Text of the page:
Rubin's Response II
By Simon Barget
When Rubin had been a child, all had been very different. There had been a feeling of abundance of fulfilment, not necessarily of joy and happiness but the moments had been full, pregnant and entirely satisfactory.
He had two older sisters, and each had fought over him to safeguard his wellbeing, which he had enjoyed, but it was only recently that he had an inkling that the by-product of this treatment was that he might have been seen as the fragile one, or that his own sense of his own fragility had been forced onto him as a consequence of their protective behaviour. Either way, he found himself now casting his mind back for the source of this vulnerability as if it were now an important endeavour for him to understand it, and as if he had only recently noticed it. Barbara was the eldest and Lotte was one year younger, and it was naturally more Barbara who had acted as shepherd and seemed to think it her rightful role to act responsibly and parentally whenever her mother or father seemed to retreat to some degree. Her mother wasn’t absent-minded but failed to demonstrate an all–encompassing, motherly, protective attitude, so that Barbara sometimes accepted what she saw as a tacit invitation to take over. She had inherited this controlling streak from her father. She had seen her father direct and had understood at some juncture that it was appropriate for her to adopt this role towards Rubin.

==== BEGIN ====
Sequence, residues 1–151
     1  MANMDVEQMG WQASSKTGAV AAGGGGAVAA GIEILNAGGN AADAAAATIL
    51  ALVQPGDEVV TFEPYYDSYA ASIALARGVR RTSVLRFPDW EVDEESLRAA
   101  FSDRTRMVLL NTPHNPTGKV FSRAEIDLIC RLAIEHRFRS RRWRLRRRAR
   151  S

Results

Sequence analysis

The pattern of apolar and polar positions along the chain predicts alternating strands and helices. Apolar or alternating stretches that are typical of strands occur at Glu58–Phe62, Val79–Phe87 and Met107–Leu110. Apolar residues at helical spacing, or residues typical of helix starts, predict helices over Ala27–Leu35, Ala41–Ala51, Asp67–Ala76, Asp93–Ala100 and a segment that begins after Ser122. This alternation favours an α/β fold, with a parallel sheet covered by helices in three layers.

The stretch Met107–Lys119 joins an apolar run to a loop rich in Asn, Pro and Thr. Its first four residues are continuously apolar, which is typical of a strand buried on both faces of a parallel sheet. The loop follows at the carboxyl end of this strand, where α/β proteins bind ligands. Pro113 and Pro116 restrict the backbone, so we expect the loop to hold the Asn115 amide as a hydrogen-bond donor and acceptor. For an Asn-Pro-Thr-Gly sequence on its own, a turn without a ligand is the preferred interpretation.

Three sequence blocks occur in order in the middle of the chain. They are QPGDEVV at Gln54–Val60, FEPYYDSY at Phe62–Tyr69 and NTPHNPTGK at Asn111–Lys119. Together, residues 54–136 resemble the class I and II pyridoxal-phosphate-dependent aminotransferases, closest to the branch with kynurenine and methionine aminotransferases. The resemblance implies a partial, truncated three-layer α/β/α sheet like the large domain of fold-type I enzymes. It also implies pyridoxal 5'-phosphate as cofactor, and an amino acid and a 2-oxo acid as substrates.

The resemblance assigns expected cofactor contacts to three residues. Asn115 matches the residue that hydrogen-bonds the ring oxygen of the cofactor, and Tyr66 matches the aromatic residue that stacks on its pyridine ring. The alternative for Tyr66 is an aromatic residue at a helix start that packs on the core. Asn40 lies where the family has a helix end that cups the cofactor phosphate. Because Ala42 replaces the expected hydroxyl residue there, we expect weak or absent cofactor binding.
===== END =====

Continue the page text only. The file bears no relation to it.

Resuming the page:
His memories were mainly of the holidays they took as a family, a time which seemed so distant to him now and never really recallable. There were two facets to this sense of remoteness; firstly he could simply not remember all the sensations, impressions, nuances, colours, and sounds, all the information that had bombarded his senses; secondly and more significantly his inability to recall with clarity prevented him from ever reliving the memories and enjoying them, cherishing them. So they receded and the past grew ever more faint. Their sanctity had been broken, since the essence of a memory was its completeness, and if it wasn’t, you had a faint inkling of something at the very best, something tantalising which could never be adequately brought to mind which left Rubin with a fractured sense of his own psyche. It was about continuity and flow. There had been no feeling of continuity from the age of seven to now, now he was thirty-one. There was not even a sensation of having lived; he always felt startlingly fresh and new, as if he had just sprung up from non-existence that very morning. And he wasn’t prepared to live each moment as a rebirth. He wanted continuity.